Lastly, I should mention we both lost something we didn’t know was dragging us down – the constant barrage of the 24-hour news cycle and commercials on TV. Expats soon learn there are ways to stream media and even watch commercial TV overseas, but for us it mostly was not worth the effort or expense. It always surprises us now when we visit relatives in the US and see the TV on in the background all day long. We are much happier reading our news on the Internet, or in e-books and magazines on our own schedule, rather than having a “talking head” tell us what we should be thinking or what we should be outraged about. We got along just fine streaming an hour or so of commercial free entertainment most days or downloading a movie on the weekend. More often, we would just go out for a walk.


We found so much in the last six years it is hard sometimes to keep it all in perspective. Number one would have to be new friends, both Ecuadorian and expat, that have enriched our lives in so many ways. More North Americans should see how other people live, and how you can be happy without all of the technology and gadgets of day-to-day life. It is very humbling to see that some of the most generous people are those who have almost nothing themselves.

We found a self-reliance that we didn’t know we had, and a fresh confidence to tackle new languages and accept new cultures as a joyful challenge rather than an annoying burden. We found a sense of empowerment and confidence that allowed us to take on and succeed at a major goal when we trained for and completed the 26-mile Inca Trail Hike to Machu Picchu in 2017.

We also found that contrary to what you may have been told, living and traveling in many foreign countries is not dangerous. We find that beyond differences in culture and language, people everywhere we have traveled are more or less the same. They care about their families and their friends and want to make the world a better place for their children. They don’t all hate America – but they don’t want to be just like America either. They like some of our music and movies, but by and large they are proud of their country and their heritage, and if you treat them fairly and with respect they will respond in kind. If you complement their local cuisine, admire the beauty of the countryside, or make an attempt (however badly) to communicate in their language, you too will find the same feeling of welcoming that we have found in so many places, and look forward to finding in more as we embrace roving retirement.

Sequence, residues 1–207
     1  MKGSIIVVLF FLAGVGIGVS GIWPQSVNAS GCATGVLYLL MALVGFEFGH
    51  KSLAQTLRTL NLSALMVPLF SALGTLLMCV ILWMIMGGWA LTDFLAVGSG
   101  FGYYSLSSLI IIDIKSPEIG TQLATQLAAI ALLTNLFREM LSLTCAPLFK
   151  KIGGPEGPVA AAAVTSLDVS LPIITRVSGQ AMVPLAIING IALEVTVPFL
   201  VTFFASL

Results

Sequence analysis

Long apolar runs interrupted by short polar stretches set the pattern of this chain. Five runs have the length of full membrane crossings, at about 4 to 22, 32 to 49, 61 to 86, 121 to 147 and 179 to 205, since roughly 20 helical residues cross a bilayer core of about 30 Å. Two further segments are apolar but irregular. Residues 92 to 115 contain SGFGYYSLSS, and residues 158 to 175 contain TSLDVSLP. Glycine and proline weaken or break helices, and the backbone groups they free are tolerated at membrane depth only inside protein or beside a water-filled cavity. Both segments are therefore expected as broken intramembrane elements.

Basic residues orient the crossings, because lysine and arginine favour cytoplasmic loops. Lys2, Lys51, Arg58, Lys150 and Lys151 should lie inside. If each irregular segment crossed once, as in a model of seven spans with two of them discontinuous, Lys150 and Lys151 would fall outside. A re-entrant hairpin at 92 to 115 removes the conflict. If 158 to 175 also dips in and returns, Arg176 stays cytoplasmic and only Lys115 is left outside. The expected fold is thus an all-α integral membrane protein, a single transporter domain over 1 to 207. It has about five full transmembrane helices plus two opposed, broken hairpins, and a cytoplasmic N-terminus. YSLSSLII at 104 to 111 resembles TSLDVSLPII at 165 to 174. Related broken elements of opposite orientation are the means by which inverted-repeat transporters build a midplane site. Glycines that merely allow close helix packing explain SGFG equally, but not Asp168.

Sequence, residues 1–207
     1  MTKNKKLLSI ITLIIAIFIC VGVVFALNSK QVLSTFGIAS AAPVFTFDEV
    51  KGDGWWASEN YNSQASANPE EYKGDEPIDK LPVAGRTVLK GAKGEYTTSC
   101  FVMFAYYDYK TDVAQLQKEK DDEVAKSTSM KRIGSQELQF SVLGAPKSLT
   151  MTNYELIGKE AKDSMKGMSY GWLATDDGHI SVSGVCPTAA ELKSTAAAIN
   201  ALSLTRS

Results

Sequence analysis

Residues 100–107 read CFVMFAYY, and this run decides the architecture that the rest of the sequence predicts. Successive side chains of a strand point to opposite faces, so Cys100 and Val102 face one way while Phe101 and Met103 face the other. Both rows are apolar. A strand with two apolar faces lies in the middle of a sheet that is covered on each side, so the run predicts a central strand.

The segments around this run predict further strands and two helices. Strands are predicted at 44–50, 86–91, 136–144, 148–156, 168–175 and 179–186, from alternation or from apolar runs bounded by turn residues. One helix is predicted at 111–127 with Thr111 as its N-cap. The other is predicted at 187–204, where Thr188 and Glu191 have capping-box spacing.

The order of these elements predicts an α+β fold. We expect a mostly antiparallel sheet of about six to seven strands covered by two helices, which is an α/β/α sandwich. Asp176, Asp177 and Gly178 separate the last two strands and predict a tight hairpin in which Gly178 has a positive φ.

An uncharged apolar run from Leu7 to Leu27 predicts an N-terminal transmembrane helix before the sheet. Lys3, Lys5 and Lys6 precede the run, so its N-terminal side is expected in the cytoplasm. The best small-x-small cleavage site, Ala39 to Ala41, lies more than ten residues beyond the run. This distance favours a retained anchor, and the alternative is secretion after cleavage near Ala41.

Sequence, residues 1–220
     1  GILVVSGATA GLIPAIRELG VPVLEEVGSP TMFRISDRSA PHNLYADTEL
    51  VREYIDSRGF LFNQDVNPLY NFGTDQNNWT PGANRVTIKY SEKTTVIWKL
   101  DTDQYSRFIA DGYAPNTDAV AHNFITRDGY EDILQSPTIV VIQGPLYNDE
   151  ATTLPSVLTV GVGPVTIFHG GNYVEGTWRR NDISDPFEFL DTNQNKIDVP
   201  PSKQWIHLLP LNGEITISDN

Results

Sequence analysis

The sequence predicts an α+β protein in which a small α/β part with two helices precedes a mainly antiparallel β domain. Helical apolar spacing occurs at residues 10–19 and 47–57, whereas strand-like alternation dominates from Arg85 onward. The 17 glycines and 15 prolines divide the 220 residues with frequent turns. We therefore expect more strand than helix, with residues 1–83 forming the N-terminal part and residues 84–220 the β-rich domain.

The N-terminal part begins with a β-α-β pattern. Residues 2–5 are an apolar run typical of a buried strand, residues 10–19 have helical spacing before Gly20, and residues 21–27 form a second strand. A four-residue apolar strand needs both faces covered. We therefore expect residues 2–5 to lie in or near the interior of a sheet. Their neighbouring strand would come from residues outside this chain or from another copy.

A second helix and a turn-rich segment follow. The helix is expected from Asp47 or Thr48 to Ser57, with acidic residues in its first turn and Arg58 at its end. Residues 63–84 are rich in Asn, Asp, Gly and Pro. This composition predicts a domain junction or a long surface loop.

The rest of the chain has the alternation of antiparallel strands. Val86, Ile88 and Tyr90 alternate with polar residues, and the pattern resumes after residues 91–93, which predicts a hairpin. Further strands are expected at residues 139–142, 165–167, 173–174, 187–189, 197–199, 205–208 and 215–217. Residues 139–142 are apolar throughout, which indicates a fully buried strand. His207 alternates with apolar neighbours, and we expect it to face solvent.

All of this and more, everything we lost and found, was made possible by our decision back in 2013 to take a chance on living in Ecuador. Sure, it hasn’t always been easy and in fact there were things that were quite difficult. We are prepared for both similar and new challenges in our next chapter, but thanks to Ecuador and life overseas we know we are up to the task, and that we will find a world full of possibilities and wonders.

So to our friends still in Ecuador, let’s not say goodbye, or even adios. I will keep track of our wanderings here and in other publishing venues. Maybe the best thought to leave you with is:

To be continued …